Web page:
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Trump Removes Two Million Acres From Utah National Monuments

President Trump traveled to Utah Monday to sign a pair of proclamations that collectively trim the size of two national monuments designated by the Obama administration by more than two million acres, including one in an area of some oil and gas drilling, in a move that represents the largest rollback of protected federal land in the nation's history.

The White House said Trump signed a proclamation to reduce the size of the Bears Ears National Monument by 83% from 1.35 million acres to 228,784 acres and to two units, Shash Jáa (measuring 129,980 acres) and Indian Creek (71,896). Trump also signed a proclamation to reduce the Grand Staircase-Escalante National Monument in southern Utah from 1.88 million acres to about 1 million acres, a 46% reduction and to three units: Grand Staircase (measuring 209,993 acres), Kaiparowits (551,034) and Escalante Canyons (242,836).

"No one values the splendor of Utah more than the people of Utah, and no one knows better how to use it," Trump said. "The Antiquities Act does not give the federal government unlimited power to lock up millions of acres of land and water, and it’s time we ended this abusive practice. Public lands will once again be for public use."

The administration said previous administrations abused the Antiquities Act, and sometimes made monument designations against the will of the local public.

The energy industry praised the move. "By resizing and reshaping the monument, President Trump will rightfully return decision-making power to the people for which Bears Ears (now Shash Jáa and Indian Creek) has the most significance," said Institute for Energy Research President Thomas Pyle. "Energy development, land stewardship and recreation are all important considerations and this decision reflects that."

But environmental groups were outraged and hinted that legal action may be forthcoming.

"The Antiquities Act does not give the president the legal authority to eliminate or reduce a national monument -- a power exclusively delegated to the U.S. Congress," said Sierra Club’s Ashley Soltysiak, director of the Utah chapter. "This is yet another pathetic example of Trump's continued abuse of power in support of special interests."

Soltysiak said when Grand Staircase was formed in 1998, it "was amenable to a land exchange for mineral extraction; it appears that it did not satiate special interests’ greed…Replacing recreational landscapes with drilling pads, machinery, and public restriction stands to devastate thriving and emerging businesses and the people they support."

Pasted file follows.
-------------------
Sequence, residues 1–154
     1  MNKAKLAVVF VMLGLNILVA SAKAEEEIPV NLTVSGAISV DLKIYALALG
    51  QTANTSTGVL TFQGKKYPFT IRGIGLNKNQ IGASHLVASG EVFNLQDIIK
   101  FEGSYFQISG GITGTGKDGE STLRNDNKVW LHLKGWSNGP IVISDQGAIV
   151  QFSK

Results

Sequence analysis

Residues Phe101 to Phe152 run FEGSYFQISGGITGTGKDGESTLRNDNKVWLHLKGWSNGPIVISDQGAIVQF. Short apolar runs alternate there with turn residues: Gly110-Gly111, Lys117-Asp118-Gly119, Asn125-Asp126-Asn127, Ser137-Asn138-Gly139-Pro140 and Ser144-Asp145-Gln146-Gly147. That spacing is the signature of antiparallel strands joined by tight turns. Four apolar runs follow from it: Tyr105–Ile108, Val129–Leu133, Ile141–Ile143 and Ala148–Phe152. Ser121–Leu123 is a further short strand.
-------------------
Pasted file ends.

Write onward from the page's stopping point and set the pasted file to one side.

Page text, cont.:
The Trump administration pushed back, saying that it was a myth that previous administrations had not reduced the size of national monuments.

"Monuments have been reduced at least 18 times under presidents on both sides of the aisle," the Department of Interior (DOI) said. "Some examples include President John F. Kennedy excluding Bandelier National Monument; Presidents Taft, Wilson, and Coolidge reducing Mount Olympus National Monument; and President Eisenhower reducing the Great Sand Dunes National Monument in Colorado."

Last April, Trump signed an executive order ordering the DOI to review any national monument designation of more than 100,000 acres made since Jan. 1, 1996. The original review affected 27 national monuments, but six were later removed. Of the remaining 21, 16 were in the onshore, and all but Maine's Katahdin Woods and Waters are in the West. The remaining five are marine monuments in the offshore.

From the start, Bears Ears in San Juan County, UT, appeared to be the most controversial designation. President Obama set aside land for the monument last December, shortly before leaving office. The area has seen mostly conventional but also some unconventional oil and gas drilling. San Juan County also overlays theParadox Basin, which includes the Cane Creek and Hovenweep shales.

In an interim report filed in June, DOI Secretary Ryan Zinke recommended that Bears Ears be trimmed in size but did not specify by how much. Two months later, Zinke submitted a draft report to Trump that reportedly recommended the president reduce the size of Bears Ears, Grand Staircase and the Cascade-Siskiyou National Monument, which straddles southwest Oregon and northwest California.

19-page memo from Zinke to Trump was leaked to the media in September. The memo listed recommended changes at 10 national monuments, including trimming the size of Bears Ears and Grand Staircase, but it did not specify any area reductions.

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